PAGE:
Almost every sitcom adds characters to the cast at some point in its run. New characters facilitate new storylines, keep the show fresh, and often boost flagging ratings. Indeed, like a pacemaker or transplant, new characters allow a sitcom to live beyond what may have been possible in its original configuration. Sitcoms often add characters in the guise of a new baby, a boyfriend, or an adoptive child. Even Family Matters added the popular Steve Urkel just seven episodes into its run. Later in its run, Family Matters made bolder strokes in the addition of characters. Though often underestimated, Family Matters is the only show, to this reviewer’s knowledge, that added a character through bioengineering.
The brilliance of this development is that it allowed Family Matters to become one of the few shows able to delve into the rich and controversial topic of bioethics. The eighth episode of the fifth season, “Dr. Urkel and Mr. Cool,” originally airing on ABC on November 12, 1993, provides a stunning example of this boldness. The action begins with Laura and some of her friends out for a milkshake at the Mighty Weenie where Eddie and Urkel work. Laura asks her friends if they think her skirt is too short because, apparently, the meddlesome Urkel was concerned. Mid-debate, a patron enters the Mighty Weenie, sees Laura’s skirt, and begins to flirt with her. Laura is flattered. Urkel, laden with a tray full of milkshakes, tells the patron “Keep flirtin’ and you’ll be hurtin’.” The patron promptly pulls down Urkel’s pants, causing him to trip and spill the tray of milkshakes all over Laura. She is covered in milkshake.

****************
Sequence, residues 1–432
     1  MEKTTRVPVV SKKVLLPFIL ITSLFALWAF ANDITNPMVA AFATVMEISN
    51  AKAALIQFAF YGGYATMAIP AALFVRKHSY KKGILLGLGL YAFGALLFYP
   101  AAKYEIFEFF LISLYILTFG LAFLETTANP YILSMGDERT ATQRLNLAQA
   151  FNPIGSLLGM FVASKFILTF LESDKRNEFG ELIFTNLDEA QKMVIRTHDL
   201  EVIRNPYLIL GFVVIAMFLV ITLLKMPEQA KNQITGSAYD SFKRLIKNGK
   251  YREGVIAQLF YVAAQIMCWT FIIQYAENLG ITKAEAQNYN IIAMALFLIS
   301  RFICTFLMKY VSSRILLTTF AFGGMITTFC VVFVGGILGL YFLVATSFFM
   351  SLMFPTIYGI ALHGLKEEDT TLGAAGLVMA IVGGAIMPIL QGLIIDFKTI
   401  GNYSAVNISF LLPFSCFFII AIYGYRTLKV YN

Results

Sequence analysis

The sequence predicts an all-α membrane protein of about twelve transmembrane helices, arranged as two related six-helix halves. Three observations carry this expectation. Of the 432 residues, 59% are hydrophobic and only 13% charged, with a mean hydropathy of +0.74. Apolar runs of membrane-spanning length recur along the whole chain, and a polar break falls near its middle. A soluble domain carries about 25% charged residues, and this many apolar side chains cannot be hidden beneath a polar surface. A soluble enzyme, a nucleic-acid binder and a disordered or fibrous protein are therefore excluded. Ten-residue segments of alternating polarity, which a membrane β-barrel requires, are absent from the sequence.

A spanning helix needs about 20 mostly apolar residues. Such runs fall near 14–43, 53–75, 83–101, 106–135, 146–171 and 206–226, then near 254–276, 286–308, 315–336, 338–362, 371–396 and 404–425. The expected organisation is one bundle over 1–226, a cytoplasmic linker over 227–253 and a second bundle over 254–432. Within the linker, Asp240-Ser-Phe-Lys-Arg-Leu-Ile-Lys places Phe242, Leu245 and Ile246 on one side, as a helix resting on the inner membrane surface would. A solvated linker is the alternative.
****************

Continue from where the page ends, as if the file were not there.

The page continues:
Urkel follows Laura home, apologizing profusely. Ignoring Urkel’s apologies, Laura tells him that his “clumsiness is only part of the problem” explaining that he is also “annoying and socially inept.” Marvelously scripted by Jim Geoghan, in the episode’s most telling moment, Laura asks Urkel “Why are you the way you are?” With that, Laura asks one of the great existential questions. Urkel, a devotee of science, responds with a lecture about DNA and genes. Laura then asks, “What happened to yours?” The question remains, however, beyond the purely physical explanation, what makes us who we are? And can improving the physical components of our make up improve the overall essence of our being? When Laura asks Urkel if there is anything he can do to change himself, Mr. Geoghan wisely leaves open the manner of this transformation.
In the next scene, Carl is in an unusually good mood. He tells Harriette he’ll take her shopping and tells Laura she can have a party. He explains that the source of his good mood is the fact that he hasn’t seen Urkel in a week. Right on cue, Urkel arrives, ruining Carl’s mood. After Carl and Harriette leave, Urkel tells Laura that he has been working on a “series of experiments that will revolutionize the science of genetics.” He has isolated his “cool gene” and multiplied it (the gene was hard to find because “it was hiding behind my gene for hammer toes and nasal drip”). He now has a concoction he has named “cool juice.” Cool juice is a blue smoking liquid consisting entirely of Urkel’s cool gene. He drinks it down and begins convulsing. When he emerges Urkel is decidedly different. His voice is deeper. He is more coordinated. He suavely begins hitting on Laura. He has become Stefan Urquelle. Urkel has performed gene therapy on himself, altering his own DNA in order to become cooler.